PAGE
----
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How Valentine's Day is Celebrated in Italy

Beppe Salerno
Posted by Beppe Salerno on Feb 11, 2017, 10:00:00 AM

The history of Valentine’s Day is a mysterious one. Saint Valentine’s Day contains vestiges of both Christian and pagan-Roman tradition. 

The Catholic Church recognizes at least three different saints named Valentine, all of whom were martyred. One legend says that Valentine was a priest who served during the third century in Rome. When Emperor Claudius II decided that single men made better soldiers than those with wives and families, he outlawed marriage for young men. Valentine, realizing the injustice of the decree, defied Claudius and continued to perform marriages for young lovers in secret. Claudius ordered Valentine to be put to death when his actions were discovered.

Despite that extreme sacrifice, the first testimony (in the form of a poem) that actually links Saint Valentine to romance and lovers dates back to 1415, and it was written by Charles, Duke of Orleans. That Valentine poem is now part of the manuscript collection of the British Library in London, England.

Saint Valentine image

Legend or factual happenings, we have learned to associate Saint Valentine to a romantic figure and made him the patron saint of lovers.

Best upcoming trip for lovers: Lake Garda to Venice

In Italy, there is more than the lovers’ celebration because the Valentine is the patron saint of many villages. Therefore, on February 14th, many communities celebrate with festivals and processions. Let’s find out what some of these traditions are.

Terni, in the Lazio region, and Bussolengo, near Verona, both have big celebrations for the main saint of their towns.

In Sadali, on the Mediterranean island of Sardinia, Valentine is the patron saint of all newlyweds; however, they celebrate in October and they carry on for 2 or 3 days.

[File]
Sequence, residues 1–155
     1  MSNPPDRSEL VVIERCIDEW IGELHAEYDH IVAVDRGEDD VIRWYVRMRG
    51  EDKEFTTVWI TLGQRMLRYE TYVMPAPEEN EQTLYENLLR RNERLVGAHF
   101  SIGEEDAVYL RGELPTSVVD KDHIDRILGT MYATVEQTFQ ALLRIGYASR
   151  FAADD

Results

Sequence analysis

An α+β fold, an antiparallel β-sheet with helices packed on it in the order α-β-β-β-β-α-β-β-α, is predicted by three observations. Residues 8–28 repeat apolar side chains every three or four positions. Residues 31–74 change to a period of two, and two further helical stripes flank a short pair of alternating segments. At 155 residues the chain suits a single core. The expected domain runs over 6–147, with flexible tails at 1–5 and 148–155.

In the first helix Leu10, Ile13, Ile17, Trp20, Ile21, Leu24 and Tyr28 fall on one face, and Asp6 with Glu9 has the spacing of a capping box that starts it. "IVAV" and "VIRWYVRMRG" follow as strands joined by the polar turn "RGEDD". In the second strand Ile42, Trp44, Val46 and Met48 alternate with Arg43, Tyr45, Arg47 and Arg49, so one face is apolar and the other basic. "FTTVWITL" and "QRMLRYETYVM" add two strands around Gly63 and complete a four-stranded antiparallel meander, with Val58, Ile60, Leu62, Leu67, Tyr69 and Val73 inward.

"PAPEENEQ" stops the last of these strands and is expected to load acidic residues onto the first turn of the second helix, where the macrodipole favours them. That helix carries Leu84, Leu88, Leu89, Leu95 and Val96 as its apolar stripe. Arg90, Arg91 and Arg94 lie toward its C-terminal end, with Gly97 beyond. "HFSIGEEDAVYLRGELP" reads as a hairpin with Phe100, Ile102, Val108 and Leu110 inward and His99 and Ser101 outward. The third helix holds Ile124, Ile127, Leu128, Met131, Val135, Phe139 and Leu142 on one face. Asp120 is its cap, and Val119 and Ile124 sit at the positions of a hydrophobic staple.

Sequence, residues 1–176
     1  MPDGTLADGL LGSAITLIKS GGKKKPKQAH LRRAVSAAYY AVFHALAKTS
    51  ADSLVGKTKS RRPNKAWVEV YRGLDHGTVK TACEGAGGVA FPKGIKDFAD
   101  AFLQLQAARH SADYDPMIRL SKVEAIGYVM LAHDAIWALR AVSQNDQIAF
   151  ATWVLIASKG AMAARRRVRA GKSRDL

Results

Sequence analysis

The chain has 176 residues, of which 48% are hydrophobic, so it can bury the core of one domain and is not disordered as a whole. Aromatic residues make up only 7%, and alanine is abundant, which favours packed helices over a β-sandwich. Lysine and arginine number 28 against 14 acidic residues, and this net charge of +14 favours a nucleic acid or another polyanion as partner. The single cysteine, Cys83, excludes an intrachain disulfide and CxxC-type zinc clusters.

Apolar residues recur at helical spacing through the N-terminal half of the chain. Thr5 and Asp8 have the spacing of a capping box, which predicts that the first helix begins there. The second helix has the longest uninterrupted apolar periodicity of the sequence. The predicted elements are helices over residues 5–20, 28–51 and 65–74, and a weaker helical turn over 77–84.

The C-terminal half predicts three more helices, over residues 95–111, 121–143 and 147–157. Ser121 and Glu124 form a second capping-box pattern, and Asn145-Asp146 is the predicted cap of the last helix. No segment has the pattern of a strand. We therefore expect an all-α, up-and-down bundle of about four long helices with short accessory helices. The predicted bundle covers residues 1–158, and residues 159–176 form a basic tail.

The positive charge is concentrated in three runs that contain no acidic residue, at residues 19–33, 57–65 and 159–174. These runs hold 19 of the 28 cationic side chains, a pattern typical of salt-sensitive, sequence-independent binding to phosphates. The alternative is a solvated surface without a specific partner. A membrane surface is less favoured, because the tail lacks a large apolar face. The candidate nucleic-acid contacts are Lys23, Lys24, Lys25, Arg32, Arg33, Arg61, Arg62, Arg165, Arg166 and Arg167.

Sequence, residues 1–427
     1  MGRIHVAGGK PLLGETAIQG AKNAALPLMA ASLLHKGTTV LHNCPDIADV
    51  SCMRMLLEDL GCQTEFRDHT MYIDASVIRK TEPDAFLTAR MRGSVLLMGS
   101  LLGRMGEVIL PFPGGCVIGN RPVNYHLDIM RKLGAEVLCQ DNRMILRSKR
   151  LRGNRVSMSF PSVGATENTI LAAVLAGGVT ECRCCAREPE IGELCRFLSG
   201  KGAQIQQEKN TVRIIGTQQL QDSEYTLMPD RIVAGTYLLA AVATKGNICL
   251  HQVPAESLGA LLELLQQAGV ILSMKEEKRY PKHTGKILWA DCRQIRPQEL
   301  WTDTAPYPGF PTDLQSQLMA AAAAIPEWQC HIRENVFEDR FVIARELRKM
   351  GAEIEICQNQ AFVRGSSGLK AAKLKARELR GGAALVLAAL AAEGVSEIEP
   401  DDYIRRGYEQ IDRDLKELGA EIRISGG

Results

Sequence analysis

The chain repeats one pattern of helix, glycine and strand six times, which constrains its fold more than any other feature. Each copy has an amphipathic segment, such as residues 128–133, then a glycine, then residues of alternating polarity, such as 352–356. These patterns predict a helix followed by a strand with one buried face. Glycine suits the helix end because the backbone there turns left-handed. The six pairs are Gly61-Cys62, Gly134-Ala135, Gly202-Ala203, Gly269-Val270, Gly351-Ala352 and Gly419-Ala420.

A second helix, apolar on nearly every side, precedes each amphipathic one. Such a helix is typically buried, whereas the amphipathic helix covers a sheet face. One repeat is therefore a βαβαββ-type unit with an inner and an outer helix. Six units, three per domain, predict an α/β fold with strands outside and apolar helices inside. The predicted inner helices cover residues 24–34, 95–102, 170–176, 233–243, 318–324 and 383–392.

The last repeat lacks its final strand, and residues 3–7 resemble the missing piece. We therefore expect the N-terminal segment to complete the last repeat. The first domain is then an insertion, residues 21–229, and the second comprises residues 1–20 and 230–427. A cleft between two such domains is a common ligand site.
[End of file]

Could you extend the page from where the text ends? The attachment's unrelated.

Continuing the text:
In Quero, in the province of Bolzano  (in the northeast), they celebrate in a very peculiar way: they bless a massive amount of oranges that are then tossed down a slope near the church of Saint Valentine. It is a “good luck” tradition.

In Palmoli, in the region of Abruzzo, they cover the floor of the church with bay leaves, while in Padua, in the region of Veneto, they celebrate the love of family and children by distributing blessed keys – a symbolism for family love - during a celebration. The patron saint is asked to protect kids from illness.

San Valentino is also patron saint of Vico del Gargano, in the region of Puglia, in the province of Foggia. On February 14th, the town is decorated with thousands of oranges. The statue of the saint is also decorated with oranges. A slow procession with the statue and relics of the saint takes place on the streets of Vico, while on one of the main strips a trade fair takes place with artisanal products and many local delicacies to taste and buy. Did you think that food was going to be left out?

san-valentino-vico-del-gargano.jpg

Drinking the juice of the blessed oranges brings joy and happiness; a magic elixir indeed!

In Pozzoleone, near Vicenza, they organize the San Valentino fair, one of the biggest events of such kind that allegedly dates back to the 1500’s.

And then, there is the hilltop village of San Valentino Citerione in Abruzzo. The name of the town was changed from Castel di Pietra to San Valentino when the remains of the saint were discovered there during the Norman period.

As you can see, this martyr-saint is sanctified in many places and in many different ways. Oranges seem to be a common theme and many times we find them decorating villages and statues. By the way, in Italy, flowers from the orange tree mean lucky brides and happy weddings.

So, now you can impress your lover with your newfound knowledge of Valentine’s day in Italy. But, don’t forget the chocolate and the Valentine card!


tourissimo group travel etiquette

Topics: Italian culture, Italy

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